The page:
It’s that time of year again, where kids are out of school and we all forget about the responsibilities and management associated with education. School’s out for the summer!
Here in Washington State our legislators have come up with a budget (after two special sessions, for which, may I remind you dear voter, our congresspersons get paid). It got signed in, but doesn’t include the funding for the recent education bill that got passed, which totals slightly over $2 billion. Out of $38 billion, that means we’re missing about 5% or so of our budget. As much as I want to look at that and still give us an “A”, I’m a pretty harsh grader.
This little rounding error is for reduced class sizes, voted in by the constituency. The reason why there’s no funding for it is the measure didn’t include a funding resource, which is like saying “Do you want to have free groceries?” as a voting item. Of course you want free groceries, or reduced class sizes. When we don’t address how it’s going to get paid for, however, we end up with extended sessions and bickering and our very own elected officials trying to delay a measure we elected to have. A funding measure wasn’t included, though, because as soon as you mention the possibility of raising taxes — of any sort: real estate, business, sales, or (eek!) instantiating an income tax — people lose their collective shit.
Here’s the thing: we can get mobilized around *some* social progress. We have gay marriage and subsidized healthcare and it only took Donald Trump one speech to ignite and unify the Latino vote (hi, I’m one of ’em, Donald) and get NBC, Macy’s, etc. to drop him like a hot potato. We are a country moving towards better social freedoms, recognition of our needs as a society, and intolerance of intolerance.
“We” (and by “we” I mean our dear, elected officials) do this because of one very simple reason: those movements represent votes. They get the Latino vote. Or the gay vote. Or the elderly vote. Or the African-American vote. Or the women’s vote. They love those voters! Those voters will help them *win*. It will be great.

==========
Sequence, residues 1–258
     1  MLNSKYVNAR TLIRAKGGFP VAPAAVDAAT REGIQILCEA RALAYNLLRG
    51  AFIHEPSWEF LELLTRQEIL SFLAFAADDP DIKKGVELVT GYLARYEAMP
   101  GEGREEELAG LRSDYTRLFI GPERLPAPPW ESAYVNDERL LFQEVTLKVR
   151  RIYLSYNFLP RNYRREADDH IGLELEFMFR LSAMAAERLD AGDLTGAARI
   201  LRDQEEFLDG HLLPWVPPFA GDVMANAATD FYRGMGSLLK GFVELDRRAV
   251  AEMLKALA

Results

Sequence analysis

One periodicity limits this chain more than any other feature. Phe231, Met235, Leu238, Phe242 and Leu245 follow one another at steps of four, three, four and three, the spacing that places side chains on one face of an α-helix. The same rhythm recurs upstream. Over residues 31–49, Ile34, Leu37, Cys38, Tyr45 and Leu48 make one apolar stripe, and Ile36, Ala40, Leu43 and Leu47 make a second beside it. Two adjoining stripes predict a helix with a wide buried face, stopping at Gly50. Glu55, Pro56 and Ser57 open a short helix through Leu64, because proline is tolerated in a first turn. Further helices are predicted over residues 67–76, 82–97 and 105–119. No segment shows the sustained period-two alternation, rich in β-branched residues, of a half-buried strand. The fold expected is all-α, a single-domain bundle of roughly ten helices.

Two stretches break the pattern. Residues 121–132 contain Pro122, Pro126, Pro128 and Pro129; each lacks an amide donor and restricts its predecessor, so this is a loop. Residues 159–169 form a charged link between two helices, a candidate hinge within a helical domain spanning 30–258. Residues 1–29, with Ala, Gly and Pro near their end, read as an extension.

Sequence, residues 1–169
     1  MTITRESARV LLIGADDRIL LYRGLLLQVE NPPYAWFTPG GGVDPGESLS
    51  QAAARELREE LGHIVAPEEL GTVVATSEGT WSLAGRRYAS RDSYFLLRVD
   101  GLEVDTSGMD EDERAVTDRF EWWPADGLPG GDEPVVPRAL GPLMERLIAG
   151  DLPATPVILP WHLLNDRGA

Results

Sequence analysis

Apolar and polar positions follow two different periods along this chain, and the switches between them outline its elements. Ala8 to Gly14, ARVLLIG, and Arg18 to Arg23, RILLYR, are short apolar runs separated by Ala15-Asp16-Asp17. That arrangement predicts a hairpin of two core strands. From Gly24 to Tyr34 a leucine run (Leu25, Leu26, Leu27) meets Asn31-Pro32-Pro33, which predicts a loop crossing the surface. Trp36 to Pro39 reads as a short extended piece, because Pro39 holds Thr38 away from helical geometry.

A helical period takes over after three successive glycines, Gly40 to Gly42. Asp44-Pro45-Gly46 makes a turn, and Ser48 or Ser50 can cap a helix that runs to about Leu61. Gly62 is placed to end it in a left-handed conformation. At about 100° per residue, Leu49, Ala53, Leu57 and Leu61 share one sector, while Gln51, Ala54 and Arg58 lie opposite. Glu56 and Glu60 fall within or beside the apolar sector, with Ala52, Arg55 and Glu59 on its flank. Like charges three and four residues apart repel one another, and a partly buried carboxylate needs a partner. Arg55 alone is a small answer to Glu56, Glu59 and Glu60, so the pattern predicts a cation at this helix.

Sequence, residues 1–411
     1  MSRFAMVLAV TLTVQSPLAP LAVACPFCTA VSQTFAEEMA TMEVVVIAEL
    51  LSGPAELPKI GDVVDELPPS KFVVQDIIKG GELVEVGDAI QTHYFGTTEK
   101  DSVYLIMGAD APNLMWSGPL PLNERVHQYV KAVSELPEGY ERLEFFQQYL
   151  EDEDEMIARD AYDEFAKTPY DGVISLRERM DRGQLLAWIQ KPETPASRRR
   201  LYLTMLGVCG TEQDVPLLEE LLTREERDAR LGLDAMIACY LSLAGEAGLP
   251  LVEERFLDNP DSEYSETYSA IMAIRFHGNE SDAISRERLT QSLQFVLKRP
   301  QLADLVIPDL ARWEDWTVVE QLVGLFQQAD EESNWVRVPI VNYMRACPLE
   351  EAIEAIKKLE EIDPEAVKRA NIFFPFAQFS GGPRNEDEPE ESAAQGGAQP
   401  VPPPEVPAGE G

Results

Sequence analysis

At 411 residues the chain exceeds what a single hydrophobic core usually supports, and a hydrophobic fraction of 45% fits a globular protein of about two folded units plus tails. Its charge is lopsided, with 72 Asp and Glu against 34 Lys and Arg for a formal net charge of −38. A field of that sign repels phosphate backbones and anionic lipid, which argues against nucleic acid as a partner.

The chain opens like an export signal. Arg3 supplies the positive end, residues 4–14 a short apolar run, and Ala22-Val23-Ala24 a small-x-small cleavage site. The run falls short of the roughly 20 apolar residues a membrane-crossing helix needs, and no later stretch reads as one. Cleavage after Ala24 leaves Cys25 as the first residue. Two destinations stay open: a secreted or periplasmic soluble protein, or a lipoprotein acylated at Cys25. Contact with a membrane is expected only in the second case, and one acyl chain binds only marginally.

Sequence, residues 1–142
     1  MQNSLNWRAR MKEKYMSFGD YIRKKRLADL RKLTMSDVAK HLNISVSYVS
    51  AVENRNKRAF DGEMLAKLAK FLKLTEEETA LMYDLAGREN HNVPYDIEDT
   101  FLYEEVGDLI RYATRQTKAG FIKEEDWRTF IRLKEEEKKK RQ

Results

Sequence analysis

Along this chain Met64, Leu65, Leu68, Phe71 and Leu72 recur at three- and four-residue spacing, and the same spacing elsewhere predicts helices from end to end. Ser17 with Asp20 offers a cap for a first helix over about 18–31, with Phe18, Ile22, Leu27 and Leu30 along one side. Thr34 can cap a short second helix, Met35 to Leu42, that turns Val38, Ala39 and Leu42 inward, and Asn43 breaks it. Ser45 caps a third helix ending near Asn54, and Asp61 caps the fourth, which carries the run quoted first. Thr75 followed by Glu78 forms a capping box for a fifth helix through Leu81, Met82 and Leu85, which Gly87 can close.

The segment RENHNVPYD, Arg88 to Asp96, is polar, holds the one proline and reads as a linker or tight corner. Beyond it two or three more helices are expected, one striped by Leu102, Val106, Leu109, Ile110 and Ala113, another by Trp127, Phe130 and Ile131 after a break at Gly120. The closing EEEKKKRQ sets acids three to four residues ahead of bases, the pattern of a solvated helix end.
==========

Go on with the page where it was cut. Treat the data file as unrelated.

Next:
As long as those voters aren’t educated.
We live in a country that is 14th in the world for education — and a state that is 20th in the US. Those figures are dropping with each year. You don’t have to be smart to vote, and when you have your Legislative Branch playing games with numbers to “pass a budget” that doesn’t include all of the things that it is required to pay for, it’s better if the voters aren’t smart.
I live in a good school district. Our kids get issued laptops. One of the more common rejoinders to this is: if the school district can furnish laptops, why can’t it pay its teachers (or reduce class sizes)? Great question.
Local school districts augment federal and state money (because it’s not enough) by levies and bonds. Here in our county it’s not uncommon to see an education bond measure every two years — for this district or the one down the road — to cover a given thing. Technology levies are separate from operating levies are separate from capital bonds (the latter used for building new schools). So if the tech levy passes but the operating levy doesn’t, you get computers but no one to administrate them.
Let’s take a look, then, at the operational cost of a teacher — that’s really what it comes down to, right? The teacher is who your child interacts with on a daily basis, they’re the ones that “take all summer off” and “Only work like 6 hours a day and get multiple in-service days and spring break and such”. Let’s look at a “Schedule C” teacher, who has either a BA and 90 credits or a Master’s Degree. We will take one who is 5 years in. That teacher makes $43,607/year. (Note to those who go look up those hourly rates — those are based on in-class hours. They are not based on hours worked).